An over-engineered LED Sign Board

Never underestimate the ability of makers in over thinking and over-engineering the simplest of problems and demonstrating human ingenuity. The RGB LED sign made by [Hans and team] over at the [Hackheim hackerspace] in Trondheim is a testament to this fact.

As you would expect, the WS2812 RGB LEDs illuminate the sign. In this particular construction, an individual strip is responsible for each character. Powered by an ESP32 running FreeRTOS, the sign communicates using MQTT and each letter gets a copy of the 6 x 20 framebuffer which represents the color pattern that is expected to be displayed. A task on the ESP32 calculates the color value to be displayed by each LED.

The real question is, how to calibrate the distributed strings of LEDs such that LEDs on adjacent letters of the sign display an extrapolated value? The answer is to use OpenCV to create a map of the LEDs from their two-dimensional layout to a lookup table. The Python script sends a command to illuminate a single LED and the captured image with OpenCV records the position of the signal. This is repeated for all LEDs to generate a map that is used in the ESP32 firmware. How cool is that?

And if you are wondering about the code, it is up on [Github], and we would love to see someone take this up a level. The calibration code, as well as the Remote Client and ESP32 codes, are all there for your hacking pleasure.

Its been a while since we have seen OpenCV in action like with the Motion Tracking Turret and Face Recognition. The possibilities seem endless.

10 thoughts on “An over-engineered LED Sign Board

    1. You know when you draw a sign and the first letters are real big and wide because you think you have plenty of space but then you get near the end and all of a sudden all the letters are real skinny and squished together?

  1. Just last week I ripped out and replaced a ws2812 based timer display system with alternative “dumb” tech. The cause of the concern was failing ws2812 chips. Were they originals or counterfeit? No one knows, they came on a self adhesive strip. The total combined Led count was approximately 1400 Leds across 4 systems and around 8 failures occured within 1 year. The bad part is that a single failed Led results in mission critical failure as the entire system is rendered inoperable. The alternative technology does have a lot more PCB and driver electronics, but a failed Led will now only reduce visibility, while still performing the key system functionality.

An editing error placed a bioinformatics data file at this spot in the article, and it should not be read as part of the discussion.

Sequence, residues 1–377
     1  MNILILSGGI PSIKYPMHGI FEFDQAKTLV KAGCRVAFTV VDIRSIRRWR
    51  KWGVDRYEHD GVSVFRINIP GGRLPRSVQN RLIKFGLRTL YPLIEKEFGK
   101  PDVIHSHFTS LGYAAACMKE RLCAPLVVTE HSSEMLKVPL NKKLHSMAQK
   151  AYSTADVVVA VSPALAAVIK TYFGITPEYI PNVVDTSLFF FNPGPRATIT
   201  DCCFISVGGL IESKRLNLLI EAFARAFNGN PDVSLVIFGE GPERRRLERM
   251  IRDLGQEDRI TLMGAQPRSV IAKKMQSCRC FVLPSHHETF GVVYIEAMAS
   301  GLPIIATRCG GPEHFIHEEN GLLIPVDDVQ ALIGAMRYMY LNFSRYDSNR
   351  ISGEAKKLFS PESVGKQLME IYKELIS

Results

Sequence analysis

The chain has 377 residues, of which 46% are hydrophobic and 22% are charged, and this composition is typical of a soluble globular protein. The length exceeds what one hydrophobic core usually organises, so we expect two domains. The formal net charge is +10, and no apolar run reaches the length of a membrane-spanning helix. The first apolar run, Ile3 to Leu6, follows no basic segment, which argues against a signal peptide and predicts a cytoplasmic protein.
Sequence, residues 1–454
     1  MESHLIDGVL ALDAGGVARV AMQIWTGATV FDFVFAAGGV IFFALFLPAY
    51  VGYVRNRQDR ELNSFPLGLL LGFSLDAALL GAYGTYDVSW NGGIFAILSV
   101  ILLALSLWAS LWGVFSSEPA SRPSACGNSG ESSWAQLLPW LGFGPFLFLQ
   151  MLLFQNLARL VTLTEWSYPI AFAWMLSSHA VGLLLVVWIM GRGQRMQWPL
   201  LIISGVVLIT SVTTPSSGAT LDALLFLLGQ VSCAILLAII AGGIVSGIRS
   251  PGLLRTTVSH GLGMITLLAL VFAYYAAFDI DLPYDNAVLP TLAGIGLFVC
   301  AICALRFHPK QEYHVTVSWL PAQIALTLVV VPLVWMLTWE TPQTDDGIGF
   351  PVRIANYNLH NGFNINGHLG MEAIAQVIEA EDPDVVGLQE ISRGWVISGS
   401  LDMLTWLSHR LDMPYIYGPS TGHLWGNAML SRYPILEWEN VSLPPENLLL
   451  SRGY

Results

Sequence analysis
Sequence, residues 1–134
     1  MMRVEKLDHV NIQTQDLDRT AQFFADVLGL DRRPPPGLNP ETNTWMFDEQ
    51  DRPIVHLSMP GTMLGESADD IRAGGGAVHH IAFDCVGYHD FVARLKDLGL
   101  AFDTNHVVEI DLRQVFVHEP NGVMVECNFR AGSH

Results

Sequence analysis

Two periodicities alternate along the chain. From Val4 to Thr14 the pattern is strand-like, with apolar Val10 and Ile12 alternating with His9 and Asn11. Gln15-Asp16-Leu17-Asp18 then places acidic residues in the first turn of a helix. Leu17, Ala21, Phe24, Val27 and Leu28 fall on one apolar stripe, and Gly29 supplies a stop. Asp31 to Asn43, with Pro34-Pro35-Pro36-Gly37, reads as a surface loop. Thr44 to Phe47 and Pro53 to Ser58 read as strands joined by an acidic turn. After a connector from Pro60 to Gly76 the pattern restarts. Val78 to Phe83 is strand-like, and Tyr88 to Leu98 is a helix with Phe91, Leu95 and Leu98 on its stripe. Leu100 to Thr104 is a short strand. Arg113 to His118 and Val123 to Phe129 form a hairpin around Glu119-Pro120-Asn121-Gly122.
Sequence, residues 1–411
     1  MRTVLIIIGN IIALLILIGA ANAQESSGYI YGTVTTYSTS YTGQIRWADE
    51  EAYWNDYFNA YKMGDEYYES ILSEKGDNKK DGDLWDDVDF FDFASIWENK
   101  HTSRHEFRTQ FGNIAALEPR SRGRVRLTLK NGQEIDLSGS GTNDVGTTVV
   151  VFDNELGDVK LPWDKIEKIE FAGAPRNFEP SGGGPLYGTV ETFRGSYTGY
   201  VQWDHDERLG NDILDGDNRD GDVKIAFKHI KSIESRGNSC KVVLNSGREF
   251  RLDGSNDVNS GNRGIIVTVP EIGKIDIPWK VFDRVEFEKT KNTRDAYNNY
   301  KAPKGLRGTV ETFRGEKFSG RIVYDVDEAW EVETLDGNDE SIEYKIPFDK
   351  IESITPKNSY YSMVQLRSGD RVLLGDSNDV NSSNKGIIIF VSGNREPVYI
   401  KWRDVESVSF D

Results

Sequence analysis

Daisy chained technology makes life easier, until the failures start. And Daisy chained technology on premanufactured low cost self adhesive strips manufactured by a no name lowest cost manufacturer potentially using counterfeit parts with no way of verification is a path to future pain.

      1. It is the original WorldSemi factory that is making those “improved” chips. It is a weird situation.
        THEY are making an improvement, because THEIR chips fail. Wouldn’t it be better to just build a better version that does not fail?

        And the failure mode seems to be most often, as murray says: they don’t work themselves and no longer output the stream to the following leds. That too is odd: I would expect the power-electronics to fail first. Not the digital part.

        The ability to skip a led is a workaround for the underlying problem. Something that reduces the impact of a real problem but doesn’t really solve it. Solving the real problem would mean that they analyse the failures in the field, find what goes wrong in the chips and then they solve that problem. I had a batch of atmel chips that were bad “straight from the factory”. Their standard procedure was to ask for the chips back and then send me new ones, to make sure they had the old ones to analyse. But it had been published that the problem I had was already known. So in the end I just got replacement chips from them.
        When WorldSemi doesn’t know how to properly fix this problem of dying chips, either there is a very big variation of how they fail, or they simply forgot to try to solve it that way.

        My theory is that lots of these WS2812 leds are on strips. Long power supply lines when e.g. you put the power supply on one end of a 5m chip, the last ones will have a 4+ m strip as a power supply line. Voltage drop across the line, voltage spikes caused by a sudden: “all leds off” and maybe dynamic effects by the PWM cycles getting into lockstep across a bunch of chips…. That’s what I expect kills these chips. A 5V zener on the supply line every 10 chips or so should do the trick.

        1. I suspect part of the problem is the CMOS comms over such a large distance. My replacement uses only BJTs on the output stages. With the CMOS WS2812 signals there is almost no headroom for spikes or static. My BJT output on the other hand uses cheapish bd680 transistors 100V 4A rated max. each driving 12V segments at 400mA. Personally I don’t let unprotected CMOS signals leave the PCB.

    1. I cannot speak about the ws2812’s… but the WS2811 (the comm/PWM chip) used with 3 external RGB LEDs have been working without failure for about 4 years now… 24/7 outdoor operation (+35C to -40C). I believe the WS2811 is the same chip inside the WS2812 and so perhaps it is a heat dissipation issue given that the WS2812 has an integrated RGB LED?

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